Here’s how to shut intrusive apps out of your Facebook account
Allegations last week that tens of millions of U.S. Facebook profiles were harvested in 2016 by Cambridge Analytica, a London-based voter profiling company, have caused one of the biggest crises in the platform’s existence.
Facebook also faces enraged political leaders on both sides of the Atlantic.
In Britain, MPs have summoned CEO Mark Zuckerberg to appear before a House of Commons committee, while UK information commissioner Elizabeth Denham has said she is seeking a warrant to search Cambridge Analytica’s servers. British MPs may have to share Zuckerberg with the U.S. Senate Judiciary Committee, which also wants him to testify.
One of the claims made by Christopher Wylie, a Canadian-born whistleblower, is that an app he helped create captured not just the personal details of several hundred thousand people paid to take a personality test, but those of all their Facebook friends as well, bringing as many as 50 million people’s Facebook data onto Cambridge Analytica’s radar.
The data was used by Donald Trump’s 2016 presidential campaign to microtarget advertising on Facebook, the Guardian has reported.
If all this makes you uneasy, you can change your Facebook settings to stop apps from seeing your account.
“By default, a lot of your Facebook information is open to being shared with apps and platforms outside Facebook,” explains Gennie Gebhart, a researcher at the Electronic Freedom Foundation. “It’s putting up a wall that I think should be there by default, to keep your information where you put it.”
On Monday, Gebhart showed readers how to close your Facebook account to apps:
Click on Settings
Click on Apps
Edit Apps, Websites and Plugins
And click Disable Platform
By doing this, you may lose some useful features of your account, Gebhart cautions.
“You do lose a bit of functionality. If you’re keeping apps out of your Facebook account, you definitely can’t use your login credentials to access those apps. That’s the biggest disadvantage that people could run into, that they’re not able to use Facebook login across the Web anymore.”
Using Facebook with more restrictive settings could be an attractive alternative to deleting an account for people with a lot of their digital lives tied up in the platform, Gebhart says.
“For many people, deleting Facebook is not an option. Social capital is tied up in it. That might be the only way to communicate with friends or family, or businesses. It may be the only way to do business, if your brand depends on that public platform.”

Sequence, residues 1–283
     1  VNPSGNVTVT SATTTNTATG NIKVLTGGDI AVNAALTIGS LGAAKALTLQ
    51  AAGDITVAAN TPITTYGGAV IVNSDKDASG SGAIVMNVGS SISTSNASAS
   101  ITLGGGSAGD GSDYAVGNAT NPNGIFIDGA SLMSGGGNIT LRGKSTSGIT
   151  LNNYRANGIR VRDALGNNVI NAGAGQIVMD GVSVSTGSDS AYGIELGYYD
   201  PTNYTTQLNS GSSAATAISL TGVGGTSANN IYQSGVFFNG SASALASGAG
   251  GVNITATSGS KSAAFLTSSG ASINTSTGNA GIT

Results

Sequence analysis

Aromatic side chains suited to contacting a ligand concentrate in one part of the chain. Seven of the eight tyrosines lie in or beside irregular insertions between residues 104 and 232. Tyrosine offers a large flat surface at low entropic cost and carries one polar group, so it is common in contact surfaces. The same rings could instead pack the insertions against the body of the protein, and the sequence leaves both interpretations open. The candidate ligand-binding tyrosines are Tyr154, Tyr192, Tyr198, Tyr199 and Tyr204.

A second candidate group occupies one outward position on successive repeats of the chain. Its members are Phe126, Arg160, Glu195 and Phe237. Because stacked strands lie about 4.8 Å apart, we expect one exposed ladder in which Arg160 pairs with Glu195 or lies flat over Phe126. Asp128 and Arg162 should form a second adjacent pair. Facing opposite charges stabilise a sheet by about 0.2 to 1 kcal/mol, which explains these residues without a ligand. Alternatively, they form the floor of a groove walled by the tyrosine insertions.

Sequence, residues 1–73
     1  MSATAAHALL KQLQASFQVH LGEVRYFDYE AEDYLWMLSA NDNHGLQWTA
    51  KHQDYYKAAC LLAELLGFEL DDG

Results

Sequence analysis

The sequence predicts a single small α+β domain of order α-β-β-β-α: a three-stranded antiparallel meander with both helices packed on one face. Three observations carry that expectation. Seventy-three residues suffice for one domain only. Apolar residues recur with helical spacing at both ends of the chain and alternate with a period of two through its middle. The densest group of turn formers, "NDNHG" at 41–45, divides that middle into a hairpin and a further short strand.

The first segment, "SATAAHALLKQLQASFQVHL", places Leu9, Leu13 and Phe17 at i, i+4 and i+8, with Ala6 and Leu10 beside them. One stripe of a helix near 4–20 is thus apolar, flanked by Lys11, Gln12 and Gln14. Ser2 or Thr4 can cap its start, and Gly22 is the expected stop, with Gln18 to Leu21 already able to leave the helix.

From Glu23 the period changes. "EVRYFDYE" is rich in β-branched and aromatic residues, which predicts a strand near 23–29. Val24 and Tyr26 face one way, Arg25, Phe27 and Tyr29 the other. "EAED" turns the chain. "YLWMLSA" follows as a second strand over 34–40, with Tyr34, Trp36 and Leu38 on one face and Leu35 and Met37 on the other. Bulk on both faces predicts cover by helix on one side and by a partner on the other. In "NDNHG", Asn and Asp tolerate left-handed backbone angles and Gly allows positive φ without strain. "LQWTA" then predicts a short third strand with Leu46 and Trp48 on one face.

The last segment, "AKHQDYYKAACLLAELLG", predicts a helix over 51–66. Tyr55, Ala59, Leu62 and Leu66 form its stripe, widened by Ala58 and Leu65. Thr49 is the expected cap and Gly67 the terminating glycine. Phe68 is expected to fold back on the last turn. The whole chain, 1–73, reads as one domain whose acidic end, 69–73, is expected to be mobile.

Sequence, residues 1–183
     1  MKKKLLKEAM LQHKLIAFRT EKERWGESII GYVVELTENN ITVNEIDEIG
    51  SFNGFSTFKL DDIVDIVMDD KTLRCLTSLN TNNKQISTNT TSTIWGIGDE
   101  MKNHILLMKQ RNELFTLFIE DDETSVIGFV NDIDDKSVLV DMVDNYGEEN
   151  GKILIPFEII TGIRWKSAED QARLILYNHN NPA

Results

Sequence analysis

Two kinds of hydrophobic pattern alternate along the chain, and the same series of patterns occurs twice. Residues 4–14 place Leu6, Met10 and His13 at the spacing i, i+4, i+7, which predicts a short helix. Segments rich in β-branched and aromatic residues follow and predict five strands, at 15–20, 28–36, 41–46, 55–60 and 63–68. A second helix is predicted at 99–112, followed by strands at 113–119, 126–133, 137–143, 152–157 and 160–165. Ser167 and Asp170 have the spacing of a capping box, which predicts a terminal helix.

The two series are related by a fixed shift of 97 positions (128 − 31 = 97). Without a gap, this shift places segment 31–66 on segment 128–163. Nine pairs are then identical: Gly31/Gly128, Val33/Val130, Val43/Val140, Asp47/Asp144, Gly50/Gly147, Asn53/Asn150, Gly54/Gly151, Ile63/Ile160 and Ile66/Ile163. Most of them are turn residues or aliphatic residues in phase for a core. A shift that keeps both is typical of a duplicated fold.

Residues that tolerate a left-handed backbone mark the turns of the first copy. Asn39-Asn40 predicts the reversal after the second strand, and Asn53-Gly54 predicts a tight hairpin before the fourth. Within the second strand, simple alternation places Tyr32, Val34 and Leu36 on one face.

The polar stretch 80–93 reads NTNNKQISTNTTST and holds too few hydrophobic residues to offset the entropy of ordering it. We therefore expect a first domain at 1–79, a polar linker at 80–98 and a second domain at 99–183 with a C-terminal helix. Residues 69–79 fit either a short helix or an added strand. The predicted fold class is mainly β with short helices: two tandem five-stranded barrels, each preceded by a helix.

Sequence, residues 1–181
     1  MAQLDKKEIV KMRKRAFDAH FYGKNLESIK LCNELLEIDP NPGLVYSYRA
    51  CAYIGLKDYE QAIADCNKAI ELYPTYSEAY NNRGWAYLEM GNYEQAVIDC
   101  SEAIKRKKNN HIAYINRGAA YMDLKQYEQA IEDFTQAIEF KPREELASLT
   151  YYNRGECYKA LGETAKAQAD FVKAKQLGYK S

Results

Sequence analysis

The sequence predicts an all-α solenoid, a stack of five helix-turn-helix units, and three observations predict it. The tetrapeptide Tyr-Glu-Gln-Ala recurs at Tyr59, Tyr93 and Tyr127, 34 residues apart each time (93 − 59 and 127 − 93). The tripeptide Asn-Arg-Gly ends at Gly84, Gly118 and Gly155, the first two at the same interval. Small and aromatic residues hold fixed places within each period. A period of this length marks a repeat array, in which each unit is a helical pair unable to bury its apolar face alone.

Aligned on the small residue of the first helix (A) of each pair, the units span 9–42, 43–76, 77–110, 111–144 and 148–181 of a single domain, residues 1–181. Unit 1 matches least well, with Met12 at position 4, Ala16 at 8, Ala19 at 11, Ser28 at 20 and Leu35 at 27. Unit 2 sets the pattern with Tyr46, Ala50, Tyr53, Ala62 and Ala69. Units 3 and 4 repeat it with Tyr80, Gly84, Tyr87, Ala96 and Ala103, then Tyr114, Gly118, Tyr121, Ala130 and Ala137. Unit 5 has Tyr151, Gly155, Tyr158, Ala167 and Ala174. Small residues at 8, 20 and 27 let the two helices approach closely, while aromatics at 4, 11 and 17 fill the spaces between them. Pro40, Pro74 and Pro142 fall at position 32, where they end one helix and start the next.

WATCH: The man at the centre of a scandal involving the exploitation of private information from millions of Facebook users – allegedly to benefit U.S. President Donald Trump’s 2016 campaign – is from B.C. Rumina Daya reports.
Gebhart sees the whole process as far too opaque, and too easy for users to get wrong.
“Every click that you have to do to get to this settings option is another opportunity for a mistake that you don’t notice. You may think that the settings are where you want them to be, and they’re not. These user interfaces can be really confusing. They can use words that aren’t associated with the kind of settings change you’re after.”
Some have been startled by how much information Facebook can infer about a person from their account, and how that data can be linked to other information about them.
LISTEN: Can you protect your Facebook? Cybersecurity expert David Shipley weighs inView link »
David Carroll, a New York-based professor, was partly successful in getting voter data held about him by Cambridge Analytica by filing a request under British privacy laws. He was sent a file which included scores out of 10 for how the company thought he felt about a range of issues, based on his Facebook activity. ‘Environment Importance Rank,’ for example, was an 8. (Carroll called the scores “roughly accurate.“)
Carroll’s data also cross-referenced information gleaned about him from Facebook to voter data which showed where and how often he had voted, and his party affiliation.
Carroll is now suing Cambridge Analytica in the British courts, arguing that the company has much more information about him than he was given – the Facebook data the scores were based on, for example.
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